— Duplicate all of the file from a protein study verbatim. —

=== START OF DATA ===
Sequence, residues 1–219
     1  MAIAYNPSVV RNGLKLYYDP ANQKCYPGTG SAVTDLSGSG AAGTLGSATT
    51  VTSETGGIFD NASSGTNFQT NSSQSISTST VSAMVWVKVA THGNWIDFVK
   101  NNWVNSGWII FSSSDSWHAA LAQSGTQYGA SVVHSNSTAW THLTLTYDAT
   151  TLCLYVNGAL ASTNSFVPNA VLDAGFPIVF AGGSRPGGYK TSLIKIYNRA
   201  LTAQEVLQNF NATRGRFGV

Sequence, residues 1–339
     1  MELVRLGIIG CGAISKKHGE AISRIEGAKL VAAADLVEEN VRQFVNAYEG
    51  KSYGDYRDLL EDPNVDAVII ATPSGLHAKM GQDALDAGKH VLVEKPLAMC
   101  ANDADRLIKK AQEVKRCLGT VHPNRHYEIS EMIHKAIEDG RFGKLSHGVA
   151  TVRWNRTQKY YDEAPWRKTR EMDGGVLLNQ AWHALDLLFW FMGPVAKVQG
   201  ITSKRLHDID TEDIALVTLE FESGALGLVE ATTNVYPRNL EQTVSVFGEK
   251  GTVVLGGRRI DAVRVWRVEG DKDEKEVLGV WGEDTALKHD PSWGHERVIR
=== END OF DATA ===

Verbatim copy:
Sequence, residues 1–219
     1  MAIAYNPSVV RNGLKLYYDP ANQKCYPGTG SAVTDLSGSG AAGTLGSATT
    51  VTSETGGIFD NASSGTNFQT NSSQSISTST VSAMVWVKVA THGNWIDFVK
   101  NNWVNSGWII FSSSDSWHAA LAQSGTQYGA SVVHSNSTAW THLTLTYDAT
   151  TLCLYVNGAL ASTNSFVPNA VLDAGFPIVF AGGSRPGGYK TSLIKIYNRA
   201  LTAQEVLQNF NATRGRFGV

Sequence, residues 1–339
     1  MELVRLGIIG CGAISKKHGE AISRIEGAKL VAAADLVEEN VRQFVNAYEG
    51  KSYGDYRDLL EDPNVDAVII ATPSGLHAKM GQDALDAGKH VLVEKPLAMC
   101  ANDADRLIKK AQEVKRCLGT VHPNRHYEIS EMIHKAIEDG RFGKLSHGVA
   151  TVRWNRTQKY YDEAPWRKTR EMDGGVLLNQ AWHALDLLFW FMGPVAKVQG
   201  ITSKRLHDID TEDIALVTLE FESGALGLVE ATTNVYPRNL EQTVSVFGEK
   251  GTVVLGGRRI DAVRVWRVEG DKDEKEVLGV WGEDTALKHD PSWGHERVIR